ArchitectureIssue 15

Modelling: an interview with Hesselbrand

Three Found Models at the Revue Gallery

5 August 2016—30 August 2016

For the whole of August, through the glass front­ing of the Revue Gallery passers-by will glimpse a large object dominating the interior. It looks like an alien spacecraft before the detail has been added in post-production; like a children’s play fort; or perhaps like the hutch of a vast, elephant-sized rabbit, or some other nonsensical chimera. You smaller, pedestrian, human animals, will be tempted inside the gallery. You will adopt the faux-seriousness of someone who isn’t sure they have the right to be there; of someone, simultaneously, who doesn’t want to have his leg pulled unawares or made to seem a fool; and so you will feign overwhelming – and overwhelmingly serious – intellectual interest, peering closely at the model. You will use its bulk, too, to shield yourself from the initiate at the reception desk until you have a better idea of what’s going on. You may even have had to ring the bell to get inside. The Revue Gallery are aristocratic in manner; we don’t much care for visitors who aren’t prepared to ring for art.

Circumspectly examining the model you notice a blurb tucked away next to it. “Model 1”, it reads, “Movement is dis­locating, but not alienating. Travel creates spaces of exception, inescapable without location. It is speed that brings us together. Being nowhere is what allows you to be here.” Like Alice after reading ‘Jabberwocky’ – for which animal this hutch might very well have been designed – you feel that “Somehow it seems to fill my head with ideas – only I don’t exactly know what they are!” We are here to help.

And it is well worth finding out. This exhibition con­tains three such large models, each different. It is the work of the architectural triumvirate Hesselbrand: a group of three architects one of whom, Jesper Henriksson, I had the chance to interview. They are up-and-comers, ones to watch; Hesselbrand was awarded the contract to design the British Pavilion at this year’s Venice Architecture Biennale – a precocious feat for three recent students in their mid-twenties – and their practice concerns rethinking living space. Here at the Revue Gallery, however, they seem to be taking the chance to explore some theoretical concerns with space more roamingly.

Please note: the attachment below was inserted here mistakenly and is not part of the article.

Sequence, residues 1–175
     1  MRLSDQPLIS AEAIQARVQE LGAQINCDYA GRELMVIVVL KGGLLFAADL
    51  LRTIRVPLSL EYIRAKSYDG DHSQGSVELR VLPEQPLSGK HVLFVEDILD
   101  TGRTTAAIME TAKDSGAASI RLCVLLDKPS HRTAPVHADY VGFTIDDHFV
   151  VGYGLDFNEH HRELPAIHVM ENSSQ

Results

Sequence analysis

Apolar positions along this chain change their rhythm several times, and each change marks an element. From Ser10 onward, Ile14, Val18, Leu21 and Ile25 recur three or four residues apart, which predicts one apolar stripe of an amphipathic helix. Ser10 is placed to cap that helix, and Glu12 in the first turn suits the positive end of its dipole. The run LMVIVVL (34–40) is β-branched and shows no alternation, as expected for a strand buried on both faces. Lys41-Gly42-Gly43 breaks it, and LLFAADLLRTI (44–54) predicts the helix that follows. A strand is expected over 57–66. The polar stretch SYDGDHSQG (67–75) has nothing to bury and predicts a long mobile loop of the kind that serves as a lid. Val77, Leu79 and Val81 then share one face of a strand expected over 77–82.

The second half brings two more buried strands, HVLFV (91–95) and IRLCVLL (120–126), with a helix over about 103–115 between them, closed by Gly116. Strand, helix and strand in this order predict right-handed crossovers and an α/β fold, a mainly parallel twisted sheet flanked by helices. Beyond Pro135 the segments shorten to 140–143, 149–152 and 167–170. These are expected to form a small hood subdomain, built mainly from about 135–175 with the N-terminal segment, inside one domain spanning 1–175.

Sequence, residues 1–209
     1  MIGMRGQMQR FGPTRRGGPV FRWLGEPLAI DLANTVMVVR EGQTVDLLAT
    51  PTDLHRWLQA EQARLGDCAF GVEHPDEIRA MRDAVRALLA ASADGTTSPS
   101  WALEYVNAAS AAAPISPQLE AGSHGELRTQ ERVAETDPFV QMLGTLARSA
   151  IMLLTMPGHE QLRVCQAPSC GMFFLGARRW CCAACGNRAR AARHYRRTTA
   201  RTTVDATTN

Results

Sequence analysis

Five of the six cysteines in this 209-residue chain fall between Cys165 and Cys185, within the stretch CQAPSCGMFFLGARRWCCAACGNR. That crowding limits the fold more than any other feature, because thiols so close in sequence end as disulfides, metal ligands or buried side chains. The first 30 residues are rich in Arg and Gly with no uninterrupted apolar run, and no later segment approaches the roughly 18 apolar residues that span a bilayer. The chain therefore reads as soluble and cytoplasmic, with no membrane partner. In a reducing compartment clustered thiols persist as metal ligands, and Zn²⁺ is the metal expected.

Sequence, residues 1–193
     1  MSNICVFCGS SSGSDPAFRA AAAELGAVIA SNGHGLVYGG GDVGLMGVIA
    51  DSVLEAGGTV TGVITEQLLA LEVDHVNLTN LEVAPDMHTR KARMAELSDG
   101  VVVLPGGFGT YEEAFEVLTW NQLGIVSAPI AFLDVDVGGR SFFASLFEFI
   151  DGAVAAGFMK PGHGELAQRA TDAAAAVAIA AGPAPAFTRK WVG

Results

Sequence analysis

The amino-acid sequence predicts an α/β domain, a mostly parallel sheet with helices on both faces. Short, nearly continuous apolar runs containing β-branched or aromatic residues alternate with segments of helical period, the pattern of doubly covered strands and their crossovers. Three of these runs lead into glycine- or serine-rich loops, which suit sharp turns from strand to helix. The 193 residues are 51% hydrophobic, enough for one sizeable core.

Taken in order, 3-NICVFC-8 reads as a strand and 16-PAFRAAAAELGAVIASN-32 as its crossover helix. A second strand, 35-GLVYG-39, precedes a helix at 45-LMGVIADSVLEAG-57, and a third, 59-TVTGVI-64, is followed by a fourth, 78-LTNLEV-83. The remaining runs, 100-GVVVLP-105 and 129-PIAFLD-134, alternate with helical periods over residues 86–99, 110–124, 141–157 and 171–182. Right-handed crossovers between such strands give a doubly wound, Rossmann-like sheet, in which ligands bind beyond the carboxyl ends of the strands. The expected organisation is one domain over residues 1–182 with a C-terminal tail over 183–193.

“These models”, Jesper tells me, are “systems for how to capture found spaces through a process of abstraction.” That sounds awfully complicated, but it turns out not to be. It is, in fact, also rather brilliant. What Jesper means by this, he explains, is that Hesselbrand have attempted to provide the spatial cues for particular social situations without the spaces in which they typically appear. To take an example: Model 3 attempts to replicate the social conditions provided by a stunning natural vista; a beautiful landscape or a sunset perhaps. This blurb reads “Approaching strangers demands a social excuse. There must be a reason for contact. A distant object that cannot be approached, a pleasing but uninhabitable view, allows us to wait at its edge together.” Model 3, accord­ingly, sprawls in landscape (rather than portrait); it occupies one wall of a room, rather than standing in the middle like Model 1, so you can’t get round it; it is set forward, in the middle, away from the wall, creating a distance that forbids reaching through it to touch the wall. It attempts to reproduce, in utter abstract, such spatial conditions offered by a natural vista; whether it produces the same kind of conversations and social actions remains to be seen.

“Architecture ceases to become art as soon as it is finished” Jesper quips during our interview. He has several phrases like this which he drops quite casually, not as gnomic pretensions but as though I should immediately grasp them; he is sincere. And they are not jargon, for he is able to explain. This particular remark was made in the context of a statement of purpose: “[Hesselbrand] are interested in taking a space and applying it to somewhere else and letting it depart from its origin.” As soon as something becomes functioning architecture it is difficult to view it as standing for anything else. It no longer possesses the cast of the globally representative, but becomes specifically, restrictively sited instead. It loses its status, somehow, as rep­resentative art; hence why these particular objects are ‘Models’. Were they anything more concrete they would cease to be so powerful as abstractions.

“What sort of space is the spacecraft modelled on?” I ask him, perhaps not in exactly those words. “That’s a taxi” he says, in his blunt but soothing Nordic twang. “We hope that the people who see it think about what they’re looking at. We’re not interested in educating or telling people what to look at. It’s more of a sensory experience than a verbal one.” Come and take a ride in the taxi yourself; see where or if it takes you. Have a gander at the vista in Model 3, and strike up a conversation with the beautiful model next to you. And, since the mere verbal doesn’t do Jesper justice, we’ll leave Model 2 a surprise.


Installation photographs by Max Creasy.